Japan store chain sees $7.9m damage in China riots

Yohei Kono (C), head of the Japanese Association for the Promotion of International Trade, walks into the Great Hall of the People in Beijing for a meeting with Chinese officials on September 27, 2012.

 TOKYO - A Japanese department store chain said Thursday it suffered US$6.4 million (S$7.9m) worth of damage at three shops in China when violent protests erupted this month over a disputed island chain.

Heiwado president Hirakazu Natsuhara told reporters that mobs had wrecked the buildings in southwest Hunan province and stolen stock, putting the total cost of the losses at 500 million yen, according to broadcaster NHK.

The estimate could more than double to 1.3 billion yen, if the three stores were to remain closed until December 1, he added, according to NHK.

Tens of thousands of demonstrators rallied across China this month to vent their anger over Japan's nationalisation of islands in the East China Sea known as Senkaku in Japan and Diaoyu in China.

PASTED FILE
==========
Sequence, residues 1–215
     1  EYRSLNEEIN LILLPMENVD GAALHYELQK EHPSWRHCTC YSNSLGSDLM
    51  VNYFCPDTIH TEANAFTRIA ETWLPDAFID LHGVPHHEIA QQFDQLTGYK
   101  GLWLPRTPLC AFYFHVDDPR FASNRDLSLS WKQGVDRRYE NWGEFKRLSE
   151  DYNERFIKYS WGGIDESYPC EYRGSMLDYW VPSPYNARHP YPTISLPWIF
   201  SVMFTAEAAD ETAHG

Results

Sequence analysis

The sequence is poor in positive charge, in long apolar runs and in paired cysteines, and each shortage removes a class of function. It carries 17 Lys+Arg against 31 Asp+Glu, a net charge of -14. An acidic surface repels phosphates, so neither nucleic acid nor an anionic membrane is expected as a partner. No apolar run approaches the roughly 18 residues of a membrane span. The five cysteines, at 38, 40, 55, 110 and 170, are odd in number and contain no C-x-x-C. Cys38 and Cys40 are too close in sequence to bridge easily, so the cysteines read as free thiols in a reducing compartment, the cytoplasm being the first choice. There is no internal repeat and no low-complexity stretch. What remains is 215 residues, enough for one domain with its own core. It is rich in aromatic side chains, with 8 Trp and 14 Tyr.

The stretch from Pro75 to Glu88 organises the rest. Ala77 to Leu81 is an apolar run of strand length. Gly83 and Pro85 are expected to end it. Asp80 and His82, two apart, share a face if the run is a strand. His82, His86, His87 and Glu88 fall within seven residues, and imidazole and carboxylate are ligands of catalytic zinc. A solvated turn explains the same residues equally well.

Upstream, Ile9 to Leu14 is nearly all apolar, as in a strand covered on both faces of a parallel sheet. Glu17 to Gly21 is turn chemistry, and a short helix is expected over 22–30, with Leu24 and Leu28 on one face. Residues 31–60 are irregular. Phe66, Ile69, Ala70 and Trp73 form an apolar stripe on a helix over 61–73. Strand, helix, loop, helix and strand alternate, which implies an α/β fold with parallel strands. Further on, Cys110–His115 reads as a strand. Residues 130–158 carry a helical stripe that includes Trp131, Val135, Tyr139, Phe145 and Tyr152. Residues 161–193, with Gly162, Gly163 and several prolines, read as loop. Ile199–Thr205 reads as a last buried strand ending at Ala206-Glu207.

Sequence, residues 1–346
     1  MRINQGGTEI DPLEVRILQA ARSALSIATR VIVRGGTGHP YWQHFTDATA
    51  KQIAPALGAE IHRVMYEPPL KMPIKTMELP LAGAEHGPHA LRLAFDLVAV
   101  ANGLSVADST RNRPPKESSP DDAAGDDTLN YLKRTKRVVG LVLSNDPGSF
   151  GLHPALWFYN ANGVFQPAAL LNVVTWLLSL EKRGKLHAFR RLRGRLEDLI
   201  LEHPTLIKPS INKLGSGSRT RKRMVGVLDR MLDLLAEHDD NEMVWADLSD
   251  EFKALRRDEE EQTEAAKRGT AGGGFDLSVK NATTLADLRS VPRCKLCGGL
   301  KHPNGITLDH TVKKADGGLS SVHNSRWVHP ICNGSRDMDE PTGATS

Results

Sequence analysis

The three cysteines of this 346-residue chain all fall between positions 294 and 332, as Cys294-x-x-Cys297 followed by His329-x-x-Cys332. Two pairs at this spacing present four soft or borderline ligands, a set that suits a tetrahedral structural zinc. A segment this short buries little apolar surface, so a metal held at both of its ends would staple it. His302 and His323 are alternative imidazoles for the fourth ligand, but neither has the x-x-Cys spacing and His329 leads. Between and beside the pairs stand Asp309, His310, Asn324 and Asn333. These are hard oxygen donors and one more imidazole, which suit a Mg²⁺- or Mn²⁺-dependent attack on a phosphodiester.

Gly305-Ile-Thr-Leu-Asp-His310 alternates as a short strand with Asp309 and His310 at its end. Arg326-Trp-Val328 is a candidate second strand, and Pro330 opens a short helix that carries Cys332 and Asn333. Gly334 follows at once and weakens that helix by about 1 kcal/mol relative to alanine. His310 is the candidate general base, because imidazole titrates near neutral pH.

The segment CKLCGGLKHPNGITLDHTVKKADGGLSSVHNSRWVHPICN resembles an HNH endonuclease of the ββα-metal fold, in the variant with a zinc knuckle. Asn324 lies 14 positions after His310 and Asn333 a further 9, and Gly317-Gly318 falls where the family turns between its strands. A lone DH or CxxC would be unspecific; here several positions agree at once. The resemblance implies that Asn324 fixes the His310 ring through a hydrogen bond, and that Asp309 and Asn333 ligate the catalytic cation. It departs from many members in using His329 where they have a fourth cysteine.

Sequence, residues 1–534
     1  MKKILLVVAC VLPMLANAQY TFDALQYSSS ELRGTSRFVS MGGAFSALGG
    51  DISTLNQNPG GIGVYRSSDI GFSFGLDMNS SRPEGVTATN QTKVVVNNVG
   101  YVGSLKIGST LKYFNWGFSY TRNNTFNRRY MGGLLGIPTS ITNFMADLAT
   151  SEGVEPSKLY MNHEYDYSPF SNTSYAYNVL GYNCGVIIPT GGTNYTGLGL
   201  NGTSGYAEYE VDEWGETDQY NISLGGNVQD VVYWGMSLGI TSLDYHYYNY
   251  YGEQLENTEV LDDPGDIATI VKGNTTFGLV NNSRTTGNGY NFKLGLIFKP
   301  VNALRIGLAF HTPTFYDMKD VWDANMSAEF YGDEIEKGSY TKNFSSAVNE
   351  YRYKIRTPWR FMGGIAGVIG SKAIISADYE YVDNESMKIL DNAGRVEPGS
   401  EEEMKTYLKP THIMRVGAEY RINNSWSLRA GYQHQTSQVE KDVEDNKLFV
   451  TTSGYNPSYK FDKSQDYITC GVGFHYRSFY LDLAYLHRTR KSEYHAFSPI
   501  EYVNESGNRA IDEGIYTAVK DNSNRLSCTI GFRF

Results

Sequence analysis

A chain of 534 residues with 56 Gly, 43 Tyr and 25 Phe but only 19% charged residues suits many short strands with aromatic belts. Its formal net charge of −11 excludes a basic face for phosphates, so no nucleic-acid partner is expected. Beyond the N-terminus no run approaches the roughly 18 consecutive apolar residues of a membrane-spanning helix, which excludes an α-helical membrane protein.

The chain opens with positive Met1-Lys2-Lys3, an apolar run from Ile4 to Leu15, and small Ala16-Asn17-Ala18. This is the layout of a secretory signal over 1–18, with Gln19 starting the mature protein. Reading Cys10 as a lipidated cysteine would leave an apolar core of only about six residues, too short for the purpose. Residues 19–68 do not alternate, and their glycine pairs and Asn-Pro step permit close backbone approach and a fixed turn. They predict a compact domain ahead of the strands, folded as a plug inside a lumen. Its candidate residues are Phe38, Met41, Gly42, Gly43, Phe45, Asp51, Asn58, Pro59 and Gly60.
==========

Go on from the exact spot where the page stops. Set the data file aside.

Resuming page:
Some protests turned violent, with Japanese shops and factories often the target, forcing firms to shut or scale back production.

Heiwado was aiming to reopen one of the damaged stores in around a month, with the other two possibly resuming operations by the end of the year, NHK said.

"I was at the site until yesterday. I received assurances from senior officials in Hunan Province that they will protect our lives and property," Natsuhara said.

"We would like to resume our operations without having to worry," he said, adding that the company is sticking to plans to build a new store in the area next year.

The Japanese government said last week it will ask Beijing to pay for damage caused to Japanese diplomatic missions, adding that private businesses should decide how they would seek redress.

Two way trade between Japan and China was worth more than $340 billion last year, according to the government in Beijing, and the anti-Japanese flare-up has already claimed economic casualties.

Toyota and Nissan said Wednesday they would cut production in China because demand for Japanese cars has been hit.

And the airline ANA announced it had received 40,000 seat cancellations for the three months to November, as tourists from both countries get cold feet.

Become a fan on Facebook